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The Andromeda Galaxy is approaching the Milky Way at about 684000 mi/hours, making it one of the few blueshifted galaxies. The Andromeda Galaxy and the Milky Way are thus expected to collide in about 3.75 or 4.5 billion years.

Why are some galaxies moving away and why are our galaxy and Andromeda coming towards each other?

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Here is my answer to a similar question posted on the physics stack exchange website.

Hubble's law (the law that deals with the expansion of the universe) applies to the expansion of space itself, i.e., if two objects stationary to each other that had no force between them were left alone the distance between would increase with time because space itself is expanding. This is what Hubble's law addresses.

In the case of the Milky Way and Andromeda galaxies (and all galaxies for that matter) there is a force between them: gravity. The gravitational force between the Milky Way and Andromeda galaxies has produced an acceleration that is causing the two galaxies to be moving towards each other faster than the space between them is expanding as calculated by Hubble's law. However, the vast majority of galaxies lie far enough away from the Milky Way that the gravitational force between us and them is small compared to the Hubble expansion and Hubble's law dominates.

In short, Hubble's law applies throughout the universe, but localized systems may have enough gravitational attraction between them that the gravitational effects dominate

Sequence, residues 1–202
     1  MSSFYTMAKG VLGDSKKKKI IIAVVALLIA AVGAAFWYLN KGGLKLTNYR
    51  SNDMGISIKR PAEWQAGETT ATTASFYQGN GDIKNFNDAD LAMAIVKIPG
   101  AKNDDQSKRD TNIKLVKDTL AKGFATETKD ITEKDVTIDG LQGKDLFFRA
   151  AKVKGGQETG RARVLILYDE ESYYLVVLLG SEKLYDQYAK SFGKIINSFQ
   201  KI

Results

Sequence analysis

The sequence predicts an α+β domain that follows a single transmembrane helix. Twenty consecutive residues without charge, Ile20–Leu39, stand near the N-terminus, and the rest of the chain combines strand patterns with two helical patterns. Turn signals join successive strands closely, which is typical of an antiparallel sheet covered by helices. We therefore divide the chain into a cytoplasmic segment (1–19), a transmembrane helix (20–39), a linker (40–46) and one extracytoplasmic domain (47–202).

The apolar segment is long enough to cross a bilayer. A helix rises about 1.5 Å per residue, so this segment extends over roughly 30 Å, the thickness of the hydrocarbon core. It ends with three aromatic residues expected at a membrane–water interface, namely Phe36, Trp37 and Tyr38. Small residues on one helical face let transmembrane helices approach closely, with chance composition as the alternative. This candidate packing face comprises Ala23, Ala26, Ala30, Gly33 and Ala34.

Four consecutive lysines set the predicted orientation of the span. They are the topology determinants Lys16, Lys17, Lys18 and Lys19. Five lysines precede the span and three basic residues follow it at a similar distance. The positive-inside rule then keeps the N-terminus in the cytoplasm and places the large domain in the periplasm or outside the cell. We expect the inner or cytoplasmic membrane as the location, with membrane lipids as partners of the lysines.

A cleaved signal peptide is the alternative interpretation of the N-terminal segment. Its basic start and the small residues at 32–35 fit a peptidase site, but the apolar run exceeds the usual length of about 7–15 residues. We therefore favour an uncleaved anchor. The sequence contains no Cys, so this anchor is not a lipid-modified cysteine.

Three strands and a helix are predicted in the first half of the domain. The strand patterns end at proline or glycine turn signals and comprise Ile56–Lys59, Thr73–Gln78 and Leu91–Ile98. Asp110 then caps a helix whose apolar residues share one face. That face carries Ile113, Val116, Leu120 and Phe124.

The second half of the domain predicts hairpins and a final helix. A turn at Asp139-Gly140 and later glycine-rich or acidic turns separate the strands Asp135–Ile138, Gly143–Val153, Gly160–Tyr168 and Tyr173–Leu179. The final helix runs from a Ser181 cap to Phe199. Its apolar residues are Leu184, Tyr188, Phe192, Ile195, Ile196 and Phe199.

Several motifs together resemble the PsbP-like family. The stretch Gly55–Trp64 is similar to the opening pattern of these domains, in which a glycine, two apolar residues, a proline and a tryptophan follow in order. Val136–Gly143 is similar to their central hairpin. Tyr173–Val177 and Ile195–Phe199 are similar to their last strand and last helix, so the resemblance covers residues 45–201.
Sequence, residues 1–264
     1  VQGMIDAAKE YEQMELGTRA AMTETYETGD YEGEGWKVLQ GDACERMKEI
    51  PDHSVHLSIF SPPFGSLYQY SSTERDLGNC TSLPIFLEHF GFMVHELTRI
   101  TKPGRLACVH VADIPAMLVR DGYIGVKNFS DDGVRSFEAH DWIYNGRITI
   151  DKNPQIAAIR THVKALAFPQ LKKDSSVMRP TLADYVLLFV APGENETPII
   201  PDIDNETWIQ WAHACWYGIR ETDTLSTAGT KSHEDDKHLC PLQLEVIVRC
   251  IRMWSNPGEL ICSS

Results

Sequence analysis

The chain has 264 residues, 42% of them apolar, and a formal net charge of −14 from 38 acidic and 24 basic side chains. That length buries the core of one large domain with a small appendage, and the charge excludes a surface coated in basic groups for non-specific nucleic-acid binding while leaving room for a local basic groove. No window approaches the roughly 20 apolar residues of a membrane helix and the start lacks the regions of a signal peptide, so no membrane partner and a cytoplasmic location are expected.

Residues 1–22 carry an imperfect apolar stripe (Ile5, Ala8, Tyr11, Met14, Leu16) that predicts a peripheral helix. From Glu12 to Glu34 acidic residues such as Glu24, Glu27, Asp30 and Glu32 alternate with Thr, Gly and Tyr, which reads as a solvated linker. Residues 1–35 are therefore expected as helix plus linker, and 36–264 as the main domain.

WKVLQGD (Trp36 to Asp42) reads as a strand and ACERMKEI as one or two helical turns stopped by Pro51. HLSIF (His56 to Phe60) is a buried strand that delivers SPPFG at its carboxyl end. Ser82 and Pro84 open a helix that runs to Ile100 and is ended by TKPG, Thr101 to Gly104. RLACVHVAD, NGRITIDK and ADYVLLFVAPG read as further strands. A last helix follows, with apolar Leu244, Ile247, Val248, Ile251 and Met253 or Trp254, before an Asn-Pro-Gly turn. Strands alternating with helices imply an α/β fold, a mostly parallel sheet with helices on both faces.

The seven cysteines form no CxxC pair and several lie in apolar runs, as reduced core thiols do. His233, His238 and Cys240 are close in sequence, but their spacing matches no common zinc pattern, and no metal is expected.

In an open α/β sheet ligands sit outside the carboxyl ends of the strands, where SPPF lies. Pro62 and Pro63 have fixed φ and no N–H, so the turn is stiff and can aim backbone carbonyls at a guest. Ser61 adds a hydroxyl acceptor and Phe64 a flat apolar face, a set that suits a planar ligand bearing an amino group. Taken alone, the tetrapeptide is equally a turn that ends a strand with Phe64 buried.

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The farther away, the faster the galaxies move away from us. But that's only the overall expansion of the universe. Locally velocities can differ and are to be added to the overall expansion. The Andromeda Galaxy is close enough to Milky Way to be able overcome the overall expansion of space. The Andromeda Galaxy and the Milky Way attract each other by gravity.

Hubble's law applied to Andromeda Galaxy/Milky Way returns an expansion of space of less than 70 km/s, since Hubble's constant is about 70 km/s/Mpc, and the distance is about 2.5 million light-years, less than 1 Mpc (= 3.26 light-years, see Parsec). That speed is slower than the about -300 km/s helio-radial velocity (space expansion already subtracted) of the Andromeda galaxy, hence feasible to overcome.

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Alexander Friedmann showed that if there is no extra cosmological constant, and the universe is filled with anything energetic (e.g. matter, radiation, dust, fluid, etc.) there were two classes of solutions: one for a contracting Universe and one for an expanding Universe. It's as though the fabric of space itself is getting stretched over time, and all the objects within that space are being dragged apart from one another. The farther away an object is from another, the more stretching occurs. If all of the universe was filled evenly with matter, that matter would simply get less dense.

Hubble discovery is of that individual stars could be measured in other galaxies, determining their distance. On the largest scales, the expansion wins, on smaller - the own system gravity. The superclusters of the universe, stretching for over a billion light years, are being stretched and pulled apart by the universe's expansion. Still, the Milky Way's nearest large galaxy cluster, the Virgo cluster, at just 50 million light years away, will not pull Milky Way into it. Nearby, the Virgo cluster itself will remain bound. The Milky Way and all the local group galaxies stay together, eventually merging under their own gravity. The fabric of space itself still expanding, but it doesn't have a measurable effect on every object/system.

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